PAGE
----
“For several months, people pulled together. It was seen as temporary. Now it’s not temporary, and some women don’t have many people to call on,” said Janice Bellace, professor of legal studies and business ethics at the University of Pennsylvania’s Wharton School. “It’s not sustainable in the long term to have children at home, especially when you’re working from home. If you have school-age children, somebody has to be working with them to some extent,” she said.
“For a lot of my female colleagues, we've noticed that at the beginning there was a lot of support,” Bradt said. “Nobody’s saying that anymore, but the threat is still there.”
In the early days of the pandemic, with everyone — working or not — largely at home, working mothers had more resources for helping watch their kids. With more people back in stores, restaurants, factories and schools, those alternatives are dwindling, Mason said.
“Right now, we don't have a national plan or an adequate response,” she said. “If they don't show up for work, the likelihood of losing their job is greater.”
But dropping out of the workforce, or even scaling back from full- to part-time, has ramifications that haunt women for the rest of their careers, and is a factor contributing to their lower level of financial security in retirement. These women also lose the ability to contribute towards employer-sponsored retirement accounts and lose valuable opportunities for networking and skills-building.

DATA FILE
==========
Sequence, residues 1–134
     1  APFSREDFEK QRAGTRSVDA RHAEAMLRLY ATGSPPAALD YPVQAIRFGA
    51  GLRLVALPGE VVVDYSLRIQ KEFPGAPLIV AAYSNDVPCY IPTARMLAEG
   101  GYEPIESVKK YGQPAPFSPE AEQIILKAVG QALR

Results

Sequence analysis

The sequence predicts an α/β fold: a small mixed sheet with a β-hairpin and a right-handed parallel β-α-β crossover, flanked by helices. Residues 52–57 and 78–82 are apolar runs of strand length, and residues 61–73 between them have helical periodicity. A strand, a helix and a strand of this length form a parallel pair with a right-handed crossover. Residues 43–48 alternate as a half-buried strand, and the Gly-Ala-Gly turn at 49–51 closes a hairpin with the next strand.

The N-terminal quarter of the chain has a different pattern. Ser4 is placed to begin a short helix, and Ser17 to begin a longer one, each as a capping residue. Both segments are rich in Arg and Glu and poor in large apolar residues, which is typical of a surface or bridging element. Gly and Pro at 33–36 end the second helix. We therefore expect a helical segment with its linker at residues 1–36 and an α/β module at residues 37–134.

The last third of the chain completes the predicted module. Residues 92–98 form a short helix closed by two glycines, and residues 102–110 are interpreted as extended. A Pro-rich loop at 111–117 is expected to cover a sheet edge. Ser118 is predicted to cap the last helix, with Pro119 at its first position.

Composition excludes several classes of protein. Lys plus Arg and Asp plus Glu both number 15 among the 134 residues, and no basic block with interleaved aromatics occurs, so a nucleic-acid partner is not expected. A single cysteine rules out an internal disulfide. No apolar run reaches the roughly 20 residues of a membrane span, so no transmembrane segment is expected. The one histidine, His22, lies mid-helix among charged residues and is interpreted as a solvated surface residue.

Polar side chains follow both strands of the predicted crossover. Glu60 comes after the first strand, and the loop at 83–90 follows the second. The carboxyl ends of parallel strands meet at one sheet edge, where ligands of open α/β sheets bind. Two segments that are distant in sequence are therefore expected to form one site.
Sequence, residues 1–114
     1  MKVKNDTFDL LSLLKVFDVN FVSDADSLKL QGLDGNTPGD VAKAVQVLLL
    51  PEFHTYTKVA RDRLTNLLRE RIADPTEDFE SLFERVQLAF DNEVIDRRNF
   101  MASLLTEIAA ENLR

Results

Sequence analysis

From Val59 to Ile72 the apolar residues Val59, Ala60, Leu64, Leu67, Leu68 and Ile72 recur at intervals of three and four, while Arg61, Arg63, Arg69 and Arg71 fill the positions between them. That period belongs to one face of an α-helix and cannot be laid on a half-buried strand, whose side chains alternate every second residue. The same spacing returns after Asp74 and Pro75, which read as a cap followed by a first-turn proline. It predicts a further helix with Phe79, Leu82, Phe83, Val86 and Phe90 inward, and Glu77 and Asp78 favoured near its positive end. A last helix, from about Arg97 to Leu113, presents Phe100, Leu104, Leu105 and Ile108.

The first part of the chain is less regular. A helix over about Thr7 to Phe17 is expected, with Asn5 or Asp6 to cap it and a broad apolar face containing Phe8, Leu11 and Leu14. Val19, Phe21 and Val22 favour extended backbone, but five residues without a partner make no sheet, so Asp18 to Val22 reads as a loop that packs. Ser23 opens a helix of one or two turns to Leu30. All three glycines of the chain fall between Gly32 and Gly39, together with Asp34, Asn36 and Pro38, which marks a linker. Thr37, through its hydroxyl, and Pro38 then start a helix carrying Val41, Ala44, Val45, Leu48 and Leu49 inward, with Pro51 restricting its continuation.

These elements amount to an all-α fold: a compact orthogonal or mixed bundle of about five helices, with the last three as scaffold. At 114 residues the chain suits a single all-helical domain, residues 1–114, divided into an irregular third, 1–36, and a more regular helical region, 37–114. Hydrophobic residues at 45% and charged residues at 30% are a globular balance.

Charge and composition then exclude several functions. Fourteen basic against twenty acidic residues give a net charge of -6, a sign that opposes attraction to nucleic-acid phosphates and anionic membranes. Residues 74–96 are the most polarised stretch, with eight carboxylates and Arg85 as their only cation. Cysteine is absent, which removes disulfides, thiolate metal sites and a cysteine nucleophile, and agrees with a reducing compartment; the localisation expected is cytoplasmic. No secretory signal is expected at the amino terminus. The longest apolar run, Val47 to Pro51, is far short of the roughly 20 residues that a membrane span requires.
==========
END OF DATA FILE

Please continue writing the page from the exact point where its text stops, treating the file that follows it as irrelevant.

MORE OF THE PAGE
“It definitely can have a long-term impact on earnings. The data we have suggests that time out of the workforce for caregiving shows up in wages for many years after the fact,” Martin said. “I also worry that during this time when so many women are disproportionately facing the consequences of our caregiving infrastructure breaking down, that it could lead to reinforcement of gender stereotypes that were already present in the workplace.”
Mason said a policy response that includes income support for mothers, especially lower-income and single mothers, would help alleviate some of the strain, although she adds that the private sector also can — and should — play a role in helping make sure women don’t lose ground professionally. “It's about employer practices and flexibility,” she said.
“This is a time when employers can hopefully take a long-term view of their workforce and of the importance of retaining talent,” Friedman said. “In this pandemic, this requires employers to sometimes offer accommodations they would not have otherwise offered.”